Thursday, 9 September 2010
The most surprising aspect of early animation is how wildly inventive and playful it can be; both qualities can be found in abundance in the pioneering work of Emile Cohl. As with his first film Fantasmagorie, the main image in The Hasher’s Delirium undertakes a series of transformations.
Unlike his first film, however, there is an image onscreen which remains constant for the majority of the film: an inebriated man. The large white bubble in the middle of the screen represents his drunken thought dreams. As the images within the bubble become more disturbing, the bubble disappears and the man’s body takes centre stage as his body bends like Mr. Fantastic and he kicks himself on his own behind.
By focusing on the inebriated man’s ‘delirium’, Cohl is able to focus his transformations on a specific but broad theme. Furthermore, by experimenting with the effects of alcohol (the words ‘wine’ and ‘absinthe’ both appear within the white bubble) and showing the audience several images which are meant to provoke fear within the inebriated man, Cohl is touching on certain elemental fears which will be exploited routinely in the great horror films of the forthcoming decade. And by having an ‘everyman’ onscreen, Cohl is ensuring that this figure serves as a symbol for our own drunken fears.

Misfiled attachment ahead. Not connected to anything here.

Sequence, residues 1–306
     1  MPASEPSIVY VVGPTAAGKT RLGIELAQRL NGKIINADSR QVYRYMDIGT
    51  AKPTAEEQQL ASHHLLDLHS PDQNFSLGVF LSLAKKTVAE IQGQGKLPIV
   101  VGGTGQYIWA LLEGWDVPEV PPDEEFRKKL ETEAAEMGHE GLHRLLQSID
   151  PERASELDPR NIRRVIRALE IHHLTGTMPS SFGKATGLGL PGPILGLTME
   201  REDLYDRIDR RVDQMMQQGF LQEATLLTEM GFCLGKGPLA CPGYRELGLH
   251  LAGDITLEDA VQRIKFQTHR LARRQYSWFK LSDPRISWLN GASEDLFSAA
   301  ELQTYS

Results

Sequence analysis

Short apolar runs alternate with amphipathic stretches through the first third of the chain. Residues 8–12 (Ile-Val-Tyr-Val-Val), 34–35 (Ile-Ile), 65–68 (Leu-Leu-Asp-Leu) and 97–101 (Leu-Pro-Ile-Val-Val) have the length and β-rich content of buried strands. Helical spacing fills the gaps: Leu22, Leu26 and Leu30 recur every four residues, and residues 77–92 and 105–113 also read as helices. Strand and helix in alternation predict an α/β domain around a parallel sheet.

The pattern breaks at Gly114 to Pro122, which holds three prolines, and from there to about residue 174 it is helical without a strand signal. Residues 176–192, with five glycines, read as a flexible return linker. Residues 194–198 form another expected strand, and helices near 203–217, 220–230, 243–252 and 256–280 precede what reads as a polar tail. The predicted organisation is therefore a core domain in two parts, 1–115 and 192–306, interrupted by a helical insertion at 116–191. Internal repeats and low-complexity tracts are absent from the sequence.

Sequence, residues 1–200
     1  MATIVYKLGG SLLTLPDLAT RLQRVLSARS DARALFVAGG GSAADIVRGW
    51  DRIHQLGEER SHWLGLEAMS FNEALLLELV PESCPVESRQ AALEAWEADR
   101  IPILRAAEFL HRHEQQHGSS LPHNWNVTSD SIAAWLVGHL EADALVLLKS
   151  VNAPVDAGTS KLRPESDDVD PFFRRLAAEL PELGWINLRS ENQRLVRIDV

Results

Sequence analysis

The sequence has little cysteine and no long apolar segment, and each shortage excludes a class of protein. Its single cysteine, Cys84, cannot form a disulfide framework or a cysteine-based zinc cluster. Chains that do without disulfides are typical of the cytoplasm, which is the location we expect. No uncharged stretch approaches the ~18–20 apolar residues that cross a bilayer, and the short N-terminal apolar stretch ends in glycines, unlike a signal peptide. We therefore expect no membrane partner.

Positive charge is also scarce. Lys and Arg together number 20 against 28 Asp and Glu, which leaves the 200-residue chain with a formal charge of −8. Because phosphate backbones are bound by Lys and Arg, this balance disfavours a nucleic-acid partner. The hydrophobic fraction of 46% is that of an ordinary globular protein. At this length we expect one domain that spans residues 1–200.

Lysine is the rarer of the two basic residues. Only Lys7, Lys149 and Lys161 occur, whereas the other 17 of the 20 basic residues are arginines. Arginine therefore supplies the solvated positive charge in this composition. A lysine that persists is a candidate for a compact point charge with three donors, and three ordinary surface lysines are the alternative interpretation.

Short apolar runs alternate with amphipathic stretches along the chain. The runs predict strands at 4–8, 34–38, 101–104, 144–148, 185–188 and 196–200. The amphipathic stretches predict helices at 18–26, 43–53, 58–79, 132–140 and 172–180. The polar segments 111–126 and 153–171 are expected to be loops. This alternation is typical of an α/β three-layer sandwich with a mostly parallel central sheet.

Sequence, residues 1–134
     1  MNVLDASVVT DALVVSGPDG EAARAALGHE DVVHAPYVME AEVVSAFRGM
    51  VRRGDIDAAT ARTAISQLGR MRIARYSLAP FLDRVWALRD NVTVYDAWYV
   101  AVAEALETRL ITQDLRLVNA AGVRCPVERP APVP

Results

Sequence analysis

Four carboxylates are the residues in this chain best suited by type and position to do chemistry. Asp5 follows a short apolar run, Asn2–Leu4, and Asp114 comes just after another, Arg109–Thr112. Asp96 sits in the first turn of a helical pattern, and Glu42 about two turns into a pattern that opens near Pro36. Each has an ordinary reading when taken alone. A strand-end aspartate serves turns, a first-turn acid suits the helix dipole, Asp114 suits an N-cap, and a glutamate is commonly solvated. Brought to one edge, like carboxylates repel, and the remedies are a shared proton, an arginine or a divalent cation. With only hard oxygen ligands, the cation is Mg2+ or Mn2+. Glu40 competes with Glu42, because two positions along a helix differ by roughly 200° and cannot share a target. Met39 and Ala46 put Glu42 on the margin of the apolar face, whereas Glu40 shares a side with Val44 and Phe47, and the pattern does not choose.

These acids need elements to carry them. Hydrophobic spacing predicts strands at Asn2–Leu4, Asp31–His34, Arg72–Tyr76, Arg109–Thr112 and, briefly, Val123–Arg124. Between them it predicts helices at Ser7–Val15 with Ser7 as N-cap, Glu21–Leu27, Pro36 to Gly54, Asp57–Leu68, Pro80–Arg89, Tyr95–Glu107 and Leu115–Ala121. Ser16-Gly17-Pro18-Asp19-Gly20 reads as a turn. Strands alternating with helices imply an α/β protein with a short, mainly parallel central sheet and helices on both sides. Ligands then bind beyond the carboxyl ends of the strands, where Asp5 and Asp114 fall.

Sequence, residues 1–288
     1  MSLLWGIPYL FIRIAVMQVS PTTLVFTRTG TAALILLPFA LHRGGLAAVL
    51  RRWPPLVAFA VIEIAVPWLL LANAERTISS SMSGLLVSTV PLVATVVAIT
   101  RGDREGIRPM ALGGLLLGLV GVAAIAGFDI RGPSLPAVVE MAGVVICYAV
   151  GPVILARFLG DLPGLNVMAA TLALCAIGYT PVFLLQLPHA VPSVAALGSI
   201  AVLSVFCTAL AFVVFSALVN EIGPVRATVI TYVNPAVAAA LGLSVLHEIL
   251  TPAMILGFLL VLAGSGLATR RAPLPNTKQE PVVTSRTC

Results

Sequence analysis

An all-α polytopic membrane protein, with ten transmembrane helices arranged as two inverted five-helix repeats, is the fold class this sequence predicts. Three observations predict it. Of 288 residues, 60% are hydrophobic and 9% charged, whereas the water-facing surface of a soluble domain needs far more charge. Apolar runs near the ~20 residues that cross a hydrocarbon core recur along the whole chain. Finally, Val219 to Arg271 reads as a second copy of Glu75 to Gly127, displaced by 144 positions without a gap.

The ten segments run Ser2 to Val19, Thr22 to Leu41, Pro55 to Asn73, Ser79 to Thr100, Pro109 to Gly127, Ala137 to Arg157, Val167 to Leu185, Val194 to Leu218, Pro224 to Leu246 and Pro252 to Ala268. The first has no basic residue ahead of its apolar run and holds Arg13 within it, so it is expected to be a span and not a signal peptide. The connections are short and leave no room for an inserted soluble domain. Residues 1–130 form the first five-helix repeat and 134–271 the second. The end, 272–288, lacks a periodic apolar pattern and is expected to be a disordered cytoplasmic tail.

The Hasher’s Delirium is not the first film to deal with issues of chemical excess; similar issues were dealt with in the 1906 live action film Dream of a Rarebit Fiend. Film’s interest in exploring this subject matter is unsurprising.
The hallucinatory effects of such activities is a strange blend of what we visualise, think and dream. In Dream of a Rarebit Fiend, this allows Edwin S. Porter to apply Méliès- esque visual trickery to a ‘normal’ scenario (i.e. a man walking home after eating and drinking too much). However, even with modern day films, there are limitations to the rapidity of this particular thought process being examined in a live action film.
In an animated film like The Hasher’s Delirium there is no such problem, and the constant shape-shifting of a man’s ‘delirium’ can be explored with more accuracy. And when the bubble disappears and the inebriated man’s body starts to bend, Cohl manages to capture the moment at which the man’s drunken imagination consumes any semblance of his rational mind and takes complete control of his senses.
The film has a hypnotic effect on its viewer, as each image transforms seamlessly and at breathtaking pace. As with Fantasmagorie, I found myself watching the film several times to fully digest the range of images that the film presents in less than ninety seconds.
The film has also aged remarkably well, it is the perfect film to introduce your friends to this period of film. Its breadth of imagination and dark humour make it a remarkably modern film.